Safe Handling, Storing, and Cooking Practices
Shellfish contain high-quality protein and other essential nutrients and are an important part of a healthful diet. As with any type of food, however, it is important to handle seafood safely in order to reduce the risk of foodborne illness. Follow these basic food safety tips for selecting and storing shellfish — and you and your family can safely enjoy the fine taste and good nutrition of local seafood.
In Massachusetts, shellfish harvest is managed by each coastal town with oversight from the State Division of Marine Fisheries and the Department of Public Health. The most current harvest regulations can be found wherever you purchase your harvest permit.
To keep shellfish harvest safe, the state maintains strict water quality guidelines for opening and closing areas to harvest and has an active testing program to ensure these guidelines are met. General water classifications from the state can be seen on the list of Designated Shellfish Growing Areas. Your town Shellfish Department can provide guidance on areas open and closed to harvest at what times of the year. Always consult these town regulations before shellfishing.
Once you have your shellfish, it is important to keep them cool for the freshest safest product available. For recreational harvesters, the best you can do is be prepared with a cooler and some ice to hold your catch immediately after harvest, especially in the warmer months. Consult the brochure Safe Seafood Series – Shellfish Harvest for further guidelines.
Commercial harvest is regulated with the National Shellfish Sanitation Plan (NSSP) through the MA Division of Marine Fisheries and Department of Public Health. The most current regulations are available through these agencies or your local shellfish officer, with the safest practice being cooling shellfish as soon as possible following harvest.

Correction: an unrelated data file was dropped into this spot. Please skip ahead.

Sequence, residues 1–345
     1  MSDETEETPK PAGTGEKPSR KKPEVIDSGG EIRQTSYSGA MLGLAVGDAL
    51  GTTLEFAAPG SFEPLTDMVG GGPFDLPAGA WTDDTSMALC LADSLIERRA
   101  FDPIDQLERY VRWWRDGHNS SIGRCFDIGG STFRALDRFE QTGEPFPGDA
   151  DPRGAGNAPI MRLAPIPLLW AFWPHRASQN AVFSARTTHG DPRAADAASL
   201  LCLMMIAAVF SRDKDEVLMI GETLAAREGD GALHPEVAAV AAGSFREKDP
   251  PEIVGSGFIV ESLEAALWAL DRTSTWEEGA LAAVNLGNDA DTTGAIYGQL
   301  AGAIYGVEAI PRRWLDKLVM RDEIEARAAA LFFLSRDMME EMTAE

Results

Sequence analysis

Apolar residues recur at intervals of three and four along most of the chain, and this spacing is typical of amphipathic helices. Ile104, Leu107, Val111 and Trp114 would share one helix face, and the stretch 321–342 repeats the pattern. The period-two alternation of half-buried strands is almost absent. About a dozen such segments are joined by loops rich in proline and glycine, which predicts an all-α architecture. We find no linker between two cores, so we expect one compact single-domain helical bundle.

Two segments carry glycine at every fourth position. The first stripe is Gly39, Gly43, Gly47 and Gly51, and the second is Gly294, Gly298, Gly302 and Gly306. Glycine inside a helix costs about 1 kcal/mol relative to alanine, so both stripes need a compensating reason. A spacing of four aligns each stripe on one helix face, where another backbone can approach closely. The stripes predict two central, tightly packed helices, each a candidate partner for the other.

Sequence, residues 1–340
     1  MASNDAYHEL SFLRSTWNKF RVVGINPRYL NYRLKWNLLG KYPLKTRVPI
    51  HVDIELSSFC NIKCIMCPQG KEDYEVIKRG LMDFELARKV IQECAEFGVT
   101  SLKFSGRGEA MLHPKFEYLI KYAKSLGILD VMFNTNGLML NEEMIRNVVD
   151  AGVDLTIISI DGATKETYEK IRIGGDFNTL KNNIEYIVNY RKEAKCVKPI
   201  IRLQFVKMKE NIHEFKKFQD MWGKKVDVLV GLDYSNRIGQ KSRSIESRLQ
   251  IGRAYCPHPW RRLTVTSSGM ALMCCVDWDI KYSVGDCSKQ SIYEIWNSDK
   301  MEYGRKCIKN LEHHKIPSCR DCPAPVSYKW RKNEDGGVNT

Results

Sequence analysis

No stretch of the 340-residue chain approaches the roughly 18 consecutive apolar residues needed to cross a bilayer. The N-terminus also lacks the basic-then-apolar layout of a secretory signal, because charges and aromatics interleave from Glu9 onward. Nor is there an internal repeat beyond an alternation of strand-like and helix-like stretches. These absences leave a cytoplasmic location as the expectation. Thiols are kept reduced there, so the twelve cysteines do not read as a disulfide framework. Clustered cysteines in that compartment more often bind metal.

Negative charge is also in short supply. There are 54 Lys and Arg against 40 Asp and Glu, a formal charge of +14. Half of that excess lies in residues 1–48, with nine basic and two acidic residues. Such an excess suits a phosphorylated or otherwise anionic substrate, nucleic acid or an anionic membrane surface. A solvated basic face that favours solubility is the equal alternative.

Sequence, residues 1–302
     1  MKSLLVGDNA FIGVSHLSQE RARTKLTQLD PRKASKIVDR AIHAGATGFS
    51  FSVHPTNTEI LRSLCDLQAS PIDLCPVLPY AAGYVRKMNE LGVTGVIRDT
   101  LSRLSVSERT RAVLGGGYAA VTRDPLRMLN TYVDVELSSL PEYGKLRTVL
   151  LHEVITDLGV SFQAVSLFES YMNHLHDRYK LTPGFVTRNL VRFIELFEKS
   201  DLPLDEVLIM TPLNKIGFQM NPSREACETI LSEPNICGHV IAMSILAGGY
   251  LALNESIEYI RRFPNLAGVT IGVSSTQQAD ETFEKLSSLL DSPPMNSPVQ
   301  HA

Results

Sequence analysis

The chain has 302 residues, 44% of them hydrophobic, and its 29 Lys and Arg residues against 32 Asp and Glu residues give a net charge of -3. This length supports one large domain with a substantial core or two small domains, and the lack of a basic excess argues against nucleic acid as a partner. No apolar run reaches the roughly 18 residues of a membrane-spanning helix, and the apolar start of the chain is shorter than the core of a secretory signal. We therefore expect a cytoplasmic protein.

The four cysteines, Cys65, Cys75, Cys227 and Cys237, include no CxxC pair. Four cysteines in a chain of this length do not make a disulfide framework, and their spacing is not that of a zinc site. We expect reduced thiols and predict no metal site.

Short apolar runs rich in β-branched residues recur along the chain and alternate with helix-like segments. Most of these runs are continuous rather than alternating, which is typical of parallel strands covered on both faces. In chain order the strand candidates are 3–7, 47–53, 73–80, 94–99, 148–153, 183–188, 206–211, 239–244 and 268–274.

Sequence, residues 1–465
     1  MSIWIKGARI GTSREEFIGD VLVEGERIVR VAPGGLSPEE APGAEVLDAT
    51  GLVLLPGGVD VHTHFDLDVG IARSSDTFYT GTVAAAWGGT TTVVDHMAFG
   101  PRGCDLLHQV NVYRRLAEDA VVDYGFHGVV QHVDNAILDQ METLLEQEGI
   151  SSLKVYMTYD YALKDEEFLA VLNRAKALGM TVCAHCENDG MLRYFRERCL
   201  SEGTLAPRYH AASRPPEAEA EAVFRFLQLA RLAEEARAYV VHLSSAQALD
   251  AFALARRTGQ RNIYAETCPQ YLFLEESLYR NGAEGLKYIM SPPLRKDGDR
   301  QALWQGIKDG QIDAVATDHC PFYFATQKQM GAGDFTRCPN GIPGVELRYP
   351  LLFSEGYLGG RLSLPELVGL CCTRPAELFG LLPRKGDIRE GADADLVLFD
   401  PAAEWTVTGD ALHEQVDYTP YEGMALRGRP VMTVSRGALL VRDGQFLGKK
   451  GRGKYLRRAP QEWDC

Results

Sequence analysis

The coastal waters of Massachusetts are home to a wide variety of high quality shellfish and many are readily available for purchase throughout the year. Molluscan shellfish like clams, oysters, or mussels are usually sold live so special care should be taken to purchase them fresh and take steps to keep them that way for the best seafood experience.
Check out the brochure “Tips for Fresh and Tasty Shellfish – Handling Storage and Cooking” for the details. The basics are:
- Purchase shellfish from a reputable dealer
- Only purchase shellfish which appear fresh and alive
- Keep shellfish cool (refrigerator temperature is good) and covered with a moist towel (if possible) from the time of purchase until consumed or cooked
- Avoid raw shellfish if you are immunocompromised or at high risk for food borne illness
The FDA has placed people with certain conditions at high risk for food borne illness including the potential for Vibrio related gastro intestinal illness from raw shellfish. These conditions include low stomach acidity and risk factors that may compromise the immune system including: liver disease, alcoholism, cancer, diabetes, chronic kidney disease, AIDS, or use of steroid or immunosuppressive drugs. If you think you may have an immunocompromised condition consult a doctor before consuming raw shellfish.
Cooking shellfish to 145°F will destroy potential illness causing bacteria, so anyone can enjoy the special flavors and health benefits of shellfish through any of a wide variety of recipes for cooking shellfish.
Need some help learning to shuck an oyster or clam? These demonstrations are helpful:
Recipes abound on the web for shellfish, here are some local suggestions to start:
SAFE SEAFOOD SERIES
PDF guides with instructions and recommendations on the safe handling, preparation, and nutrition of Cape Cod shellfish.
Are you curious about how to harvest shellfish and where to go? Check out this brochure on safe harvesting tips.
Have questions about how to safely store, prepare, and cook your shellfish? Check out this guide.
Want to see a nutritional profile of different shellfish species harvested in Massachusetts? Read this guide.
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